Not Every Company Is Going To See Results From ABM
It’s one of the hottest marketing tactics being discussed today. I was talking to a demand generation expert yesterday and her comment was, “Everyone is talking about it; software vendors are driving the conversation, but very few people have operational experience doing it.” It shows further proof that people in sales and marketing are looking for better, more effective tactics to drive leads, align sales with marketing and turn those leads into new customers.
But is ABM right for your company? It’s not right for everyone. It’s not search engine optimization, where I would tell you that everyone needs to be found on the search engines for the right set of keywords, phrases and questions. ABM is much different. Answering some key questions should help you decide whether ABM is the right choice for your company.
Here you go.
1) Do you have the data to drive an ABM program?
SiriusDecisions found 60% of marketers consider the overall health of their data unreliable. What does data have to do with ABM success? Everything. B2B organizations have access to massive amounts of data from their internal marketing and sales activities, prospect and customer behaviors, and customer service information.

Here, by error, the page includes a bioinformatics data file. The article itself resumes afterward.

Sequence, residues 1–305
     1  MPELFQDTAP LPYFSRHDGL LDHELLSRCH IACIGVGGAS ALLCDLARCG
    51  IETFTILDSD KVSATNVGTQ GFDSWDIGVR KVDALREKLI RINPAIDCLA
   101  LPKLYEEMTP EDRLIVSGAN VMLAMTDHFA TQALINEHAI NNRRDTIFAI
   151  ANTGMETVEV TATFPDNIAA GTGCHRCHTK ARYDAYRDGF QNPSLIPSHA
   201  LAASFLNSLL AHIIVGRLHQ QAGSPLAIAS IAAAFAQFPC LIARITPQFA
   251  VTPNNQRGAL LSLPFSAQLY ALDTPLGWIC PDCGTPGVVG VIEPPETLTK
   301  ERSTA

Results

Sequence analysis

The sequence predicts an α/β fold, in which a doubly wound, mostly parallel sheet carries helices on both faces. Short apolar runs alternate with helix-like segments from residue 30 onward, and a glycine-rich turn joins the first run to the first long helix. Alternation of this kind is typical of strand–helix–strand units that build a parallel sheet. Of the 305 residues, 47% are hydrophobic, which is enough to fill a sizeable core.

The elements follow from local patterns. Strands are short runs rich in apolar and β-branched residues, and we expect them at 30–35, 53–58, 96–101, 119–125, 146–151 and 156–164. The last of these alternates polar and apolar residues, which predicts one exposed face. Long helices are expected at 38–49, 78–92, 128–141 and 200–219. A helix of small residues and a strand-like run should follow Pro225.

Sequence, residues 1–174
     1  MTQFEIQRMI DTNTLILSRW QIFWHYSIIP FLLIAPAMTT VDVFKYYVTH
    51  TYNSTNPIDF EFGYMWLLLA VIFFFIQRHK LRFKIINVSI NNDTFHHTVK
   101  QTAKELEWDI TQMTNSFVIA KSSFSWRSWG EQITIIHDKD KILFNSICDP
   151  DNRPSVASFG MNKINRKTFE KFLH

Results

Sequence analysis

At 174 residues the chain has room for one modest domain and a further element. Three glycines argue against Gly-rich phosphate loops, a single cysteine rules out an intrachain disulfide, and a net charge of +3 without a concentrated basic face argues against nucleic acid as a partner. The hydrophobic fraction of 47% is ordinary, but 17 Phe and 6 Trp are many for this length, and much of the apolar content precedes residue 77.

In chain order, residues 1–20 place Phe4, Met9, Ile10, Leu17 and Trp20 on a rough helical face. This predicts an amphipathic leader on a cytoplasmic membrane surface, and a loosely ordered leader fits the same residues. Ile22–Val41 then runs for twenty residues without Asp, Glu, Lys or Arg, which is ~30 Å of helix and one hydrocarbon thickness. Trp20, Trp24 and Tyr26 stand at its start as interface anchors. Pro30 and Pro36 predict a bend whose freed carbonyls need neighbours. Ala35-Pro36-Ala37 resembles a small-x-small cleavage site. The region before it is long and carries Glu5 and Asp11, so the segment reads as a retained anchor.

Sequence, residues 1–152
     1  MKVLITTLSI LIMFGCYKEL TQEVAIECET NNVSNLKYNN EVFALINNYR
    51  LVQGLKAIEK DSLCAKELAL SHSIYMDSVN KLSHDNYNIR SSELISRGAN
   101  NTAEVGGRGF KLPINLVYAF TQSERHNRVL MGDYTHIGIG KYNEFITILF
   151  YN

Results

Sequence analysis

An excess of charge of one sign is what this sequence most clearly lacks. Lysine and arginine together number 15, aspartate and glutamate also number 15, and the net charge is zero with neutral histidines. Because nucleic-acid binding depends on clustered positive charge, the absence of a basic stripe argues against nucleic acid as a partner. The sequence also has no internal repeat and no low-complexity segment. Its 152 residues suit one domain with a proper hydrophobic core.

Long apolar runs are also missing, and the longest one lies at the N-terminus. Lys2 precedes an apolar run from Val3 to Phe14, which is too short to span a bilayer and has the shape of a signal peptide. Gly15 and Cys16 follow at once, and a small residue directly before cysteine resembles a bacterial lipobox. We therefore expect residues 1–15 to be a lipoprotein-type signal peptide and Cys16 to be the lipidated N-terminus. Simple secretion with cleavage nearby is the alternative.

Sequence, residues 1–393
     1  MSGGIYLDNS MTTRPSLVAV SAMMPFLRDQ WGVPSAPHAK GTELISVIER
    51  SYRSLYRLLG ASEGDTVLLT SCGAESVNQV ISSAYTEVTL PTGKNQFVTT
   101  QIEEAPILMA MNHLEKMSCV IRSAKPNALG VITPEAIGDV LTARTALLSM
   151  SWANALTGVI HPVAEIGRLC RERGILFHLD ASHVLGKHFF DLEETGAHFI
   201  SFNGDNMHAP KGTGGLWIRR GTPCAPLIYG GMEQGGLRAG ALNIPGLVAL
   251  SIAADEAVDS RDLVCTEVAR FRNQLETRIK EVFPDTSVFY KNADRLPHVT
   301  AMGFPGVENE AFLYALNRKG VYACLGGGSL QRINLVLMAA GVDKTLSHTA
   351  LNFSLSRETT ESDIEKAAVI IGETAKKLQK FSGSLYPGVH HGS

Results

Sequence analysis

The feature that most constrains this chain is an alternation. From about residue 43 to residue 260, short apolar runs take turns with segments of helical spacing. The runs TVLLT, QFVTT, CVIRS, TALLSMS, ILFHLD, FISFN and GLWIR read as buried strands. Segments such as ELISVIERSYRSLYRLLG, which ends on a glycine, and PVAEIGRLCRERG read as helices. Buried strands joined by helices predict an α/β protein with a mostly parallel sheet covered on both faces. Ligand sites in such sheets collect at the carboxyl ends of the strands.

Many also purchase data from external sources to augment existing data sets. But not all data is equal, and more often than not, data is dirty and incomplete. Avention’s recent survey of B2B sales and marketing practitioners found just 31% of respondents feel that their organizations have the right data for sales, and just 24% feel that they have the right data for marketing.
One of the keys to successful ABM execution is creating and delivering personalized messages. While the programmatic execution might be automated, the key is to have the prospects feel like the messages are personalized. If your data is inaccurate, old or flat out wrong, your personalization is going to be, well … embarrassing.
We’ll talk more about sales and marketing alignment later, but data is one of the ways you need to ensure alignment. Sales and marketing have to be looking at the same company information, the same targeted contact information and the same demographic and psychographic information. In some cases, you should be looking at scoring both customers and prospects to create tiers for your ABM execution. If the data is inaccurate, the entire segmentation model could collapse.
Finally, segmentation is a huge part of ABM. Your company data is going to be paired with predictive analytics and sales intelligence to look for specific behaviors that signal a prospect’s readiness to buy or to speak with a salesperson. Your team can also proactively go after targets that behave like your best customers, but only if your data allows for that type of advanced analytics. With the right data, your team can create custom and targeted campaigns to improve both connect and engage rates. Without good data, this is difficult to achieve.
2) Do you have tight alignment between sales and marketing?
Bringing these two teams together offers many benefits. The data is indisputable. Conversion rates improve when sales and marketing share ownership of lead nurturing and incubation. Companies with tightly aligned sales and marketing teams experience 36% higher customer retention rates and 38% higher sales win rates. When sales and marketing teams are aligned, leads are 67% more likely to become clients.